Authors: Merry Jones
‘Are you okay, Harper?’
Was she? ‘I’m fine.’
‘Then why did you . . .?’
‘Lynne, did the police come to your bungalow last night?’
‘Oh, that?’ Lynne seemed unconcerned. ‘Yeah, they sure did. They kept us up half the night.’
‘Aren’t you worried?’
Lynne frowned, confused. ‘Should I be?’
Harper stopped walking. ‘Lynne. A man was stabbed last night. The police thought Peter might have done it . . .’
‘I know. Isn’t that crazy?’ Lynne’s eyes widened. She smirked, shaking her head. ‘Peter? Stabbing someone? Peter couldn’t stab a watermelon. He faints when he gets a blood test—’
‘But the police must have had reason to talk to him.’ She didn’t mention that she’d given them the reason.
Lynne looked around, lowered her voice. ‘Look. Apparently, somebody told the cops to look at Peter because Pastor Travis had asked Peter to make a sacrifice for the church.’ She emphasized ‘somebody’ as if she knew it was Harper. Did she?
‘And?’ Harper kept her face blank, gave away nothing. ‘Is that true? I mean about the sacrifice?’
‘Yes, it’s true. Pastor asked Peter to make an offering, and Peter was honored to accept the responsibility.’
‘What kind of offering?’
Lynne rolled her eyes. ‘Do we really have to go into all this?’
‘I’m trying to understand . . .’
‘Look. I told you about the Bible code. Pastor says the code tells us to make three sacrifices by the ninth of Av. He put a couple of people in charge of them, and they did two of them, but there were complications. Nobody’s fault, but still. Anyway, last night, pastor assigned the last sacrifice to somebody else. And that was Peter.’
‘What kind of sacrifices?’
‘What? Oh, just the usual. Throwing a couple of virgins into boiling oil.’ Lynne smiled.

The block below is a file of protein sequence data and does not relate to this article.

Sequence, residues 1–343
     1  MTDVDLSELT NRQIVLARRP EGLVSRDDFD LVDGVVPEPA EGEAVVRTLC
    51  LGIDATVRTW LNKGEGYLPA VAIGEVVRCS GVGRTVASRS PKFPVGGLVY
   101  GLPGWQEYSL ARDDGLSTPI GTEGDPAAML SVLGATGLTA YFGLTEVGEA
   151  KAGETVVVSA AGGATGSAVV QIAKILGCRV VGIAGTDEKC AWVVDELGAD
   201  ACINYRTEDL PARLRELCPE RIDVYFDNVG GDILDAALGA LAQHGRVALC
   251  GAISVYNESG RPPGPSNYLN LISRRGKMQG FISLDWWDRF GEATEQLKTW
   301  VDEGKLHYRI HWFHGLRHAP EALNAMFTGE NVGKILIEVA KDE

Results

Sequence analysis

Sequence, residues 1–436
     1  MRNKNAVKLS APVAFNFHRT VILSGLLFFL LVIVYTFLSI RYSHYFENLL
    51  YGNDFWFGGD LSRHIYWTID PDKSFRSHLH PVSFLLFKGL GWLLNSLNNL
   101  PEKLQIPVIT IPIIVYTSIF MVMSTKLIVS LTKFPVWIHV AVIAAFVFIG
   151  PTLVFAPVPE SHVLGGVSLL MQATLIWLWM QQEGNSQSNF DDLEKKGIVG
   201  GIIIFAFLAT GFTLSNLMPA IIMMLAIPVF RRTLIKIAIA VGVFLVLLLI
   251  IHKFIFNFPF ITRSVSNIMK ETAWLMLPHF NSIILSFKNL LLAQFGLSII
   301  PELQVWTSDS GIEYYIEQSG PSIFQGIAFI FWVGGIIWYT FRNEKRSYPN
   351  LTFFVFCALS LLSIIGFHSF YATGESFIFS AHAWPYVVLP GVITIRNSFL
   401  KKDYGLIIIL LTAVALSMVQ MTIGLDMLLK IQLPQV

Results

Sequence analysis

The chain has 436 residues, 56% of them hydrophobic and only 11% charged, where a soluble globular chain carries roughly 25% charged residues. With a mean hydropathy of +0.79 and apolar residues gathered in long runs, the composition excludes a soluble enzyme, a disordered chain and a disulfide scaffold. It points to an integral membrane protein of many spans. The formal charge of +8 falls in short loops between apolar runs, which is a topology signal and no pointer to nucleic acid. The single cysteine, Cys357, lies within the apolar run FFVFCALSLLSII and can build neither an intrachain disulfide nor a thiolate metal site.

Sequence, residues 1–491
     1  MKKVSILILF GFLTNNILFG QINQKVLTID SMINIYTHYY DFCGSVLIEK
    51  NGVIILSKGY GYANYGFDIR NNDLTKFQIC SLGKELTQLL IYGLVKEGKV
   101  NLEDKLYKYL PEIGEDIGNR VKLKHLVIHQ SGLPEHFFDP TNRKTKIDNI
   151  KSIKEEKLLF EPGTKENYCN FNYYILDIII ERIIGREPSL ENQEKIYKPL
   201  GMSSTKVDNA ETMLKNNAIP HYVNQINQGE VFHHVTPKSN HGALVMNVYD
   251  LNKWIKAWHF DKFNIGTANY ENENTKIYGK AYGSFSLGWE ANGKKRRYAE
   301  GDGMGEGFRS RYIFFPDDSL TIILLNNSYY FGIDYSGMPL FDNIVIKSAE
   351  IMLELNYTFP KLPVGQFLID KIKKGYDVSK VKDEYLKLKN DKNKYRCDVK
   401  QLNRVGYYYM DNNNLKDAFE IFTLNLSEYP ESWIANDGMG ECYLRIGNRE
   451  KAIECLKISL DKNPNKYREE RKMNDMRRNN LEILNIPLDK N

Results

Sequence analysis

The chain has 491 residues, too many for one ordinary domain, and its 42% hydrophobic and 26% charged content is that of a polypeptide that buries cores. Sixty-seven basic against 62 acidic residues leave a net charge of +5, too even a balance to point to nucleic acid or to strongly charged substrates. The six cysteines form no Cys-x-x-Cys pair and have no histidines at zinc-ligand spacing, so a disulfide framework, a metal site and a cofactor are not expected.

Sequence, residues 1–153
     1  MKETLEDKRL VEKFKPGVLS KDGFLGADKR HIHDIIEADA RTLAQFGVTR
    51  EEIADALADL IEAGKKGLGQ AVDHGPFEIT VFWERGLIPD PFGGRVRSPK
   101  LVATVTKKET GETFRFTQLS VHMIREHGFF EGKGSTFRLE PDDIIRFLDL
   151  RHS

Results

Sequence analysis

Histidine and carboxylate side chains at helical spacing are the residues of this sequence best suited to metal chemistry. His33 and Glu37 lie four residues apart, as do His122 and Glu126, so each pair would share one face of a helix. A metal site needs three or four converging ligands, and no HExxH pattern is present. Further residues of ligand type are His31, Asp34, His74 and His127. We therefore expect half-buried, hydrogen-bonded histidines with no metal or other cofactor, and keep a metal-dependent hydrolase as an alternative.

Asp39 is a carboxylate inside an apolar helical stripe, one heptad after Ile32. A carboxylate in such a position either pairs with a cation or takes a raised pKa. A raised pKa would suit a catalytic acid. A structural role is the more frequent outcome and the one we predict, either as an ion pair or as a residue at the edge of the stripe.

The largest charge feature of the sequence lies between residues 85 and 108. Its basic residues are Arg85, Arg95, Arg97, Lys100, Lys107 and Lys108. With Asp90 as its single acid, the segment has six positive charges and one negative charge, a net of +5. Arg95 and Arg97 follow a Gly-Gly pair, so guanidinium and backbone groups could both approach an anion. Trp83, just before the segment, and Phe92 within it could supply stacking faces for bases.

‘Come on. Why are you so serious?’
Harper watched her for a moment, deciding how much to tell her.
‘Harper? You’re looking pretty scary.’
‘It’s time we talk.’ Harper found two buckets, turned them over. Sat on one, motioned for Lynne to sit on the other.
Lynne seemed baffled, a little alarmed. ‘What’s going on?’
Harper leaned forward, looked Lynne in the eye. ‘Your pastor?’ She didn’t know exactly how to put it. ‘He might not be who he says he is. I think he’s got a criminal past.’
‘No way.’ Lynne started to stand, but Harper put a hand on her arm.
‘Hear me out. I think his real name isn’t Ramsey Travis; I think it’s Travis Ramsey. Travis Ramsey is an ex-con who murdered his own father.’
Lynne shook her head.
‘And that’s not all, Lynne. I think he’s planning to kill again. In fact, I think he’s planning to kill you.’
‘Me?’ Lynne gasped.
‘Not just you. All of you. Your whole church group.’
Lynne crossed her arms and stood. ‘Harper. I don’t know where you’re getting this. But you are way out there. I mean, way, way—’
‘I hope you’re right.’ Harper looked up at her. ‘But honestly, I don’t think so. Look, Lynne. Travis has been telling you that the ninth of Av will start the battle, bring on the Rapture or whatever—’
‘He only tells us what God has written.’
Harper stood and faced her. ‘Lynne, Travis isn’t the first preacher to lead his followers to destruction. Don’t you see? What’s he going to do when his big battle doesn’t start?’
‘But it will.’
‘Haven’t you ever heard of Jim Jones? The guy who poisoned all his followers with Kool-Aid? Or the Heaven’s Gate sect? Their leader was a guy named Applewhite, and Applewhite convinced his followers to kill themselves in order to achieve salvation—’
‘Harper, stop.’ Lynne put her hands up. ‘That’s got nothing to do with us. You probably mean well, but you’re completely off base. Ramsey Travis isn’t like that. Believe me, I know him.’
Harper pictured the couple groping on the porch.
‘He would never hurt me or any of us. He loves us.’ Lynne smiled warmly. ‘I get it, Harper. Your issues with Travis. Your suspicions. They all come back to the same thing. Faith. You don’t believe.’
Harper opened her mouth to answer, but Lynne stopped her.
‘No. I understand. I told you, at first, I didn’t believe either. I had to be shown. Travis had to translate codes written three thousand years ago, codes that specifically identify events that have taken place now, in our lifetimes. I’ve told you about some. But there are many others, with dates, places – I began to understand that the codes are accurate. They’re for real. And guess what? World War Three is in there, too. It begins here, in Megiddo, on the ninth of Av.’ In the bright sun, Lynne’s blonde hair glowed, looked like a halo.
Harper didn’t know what to say. Lynne had just said that a worldwide disaster was coming in a couple of days, and she seemed pleased by it.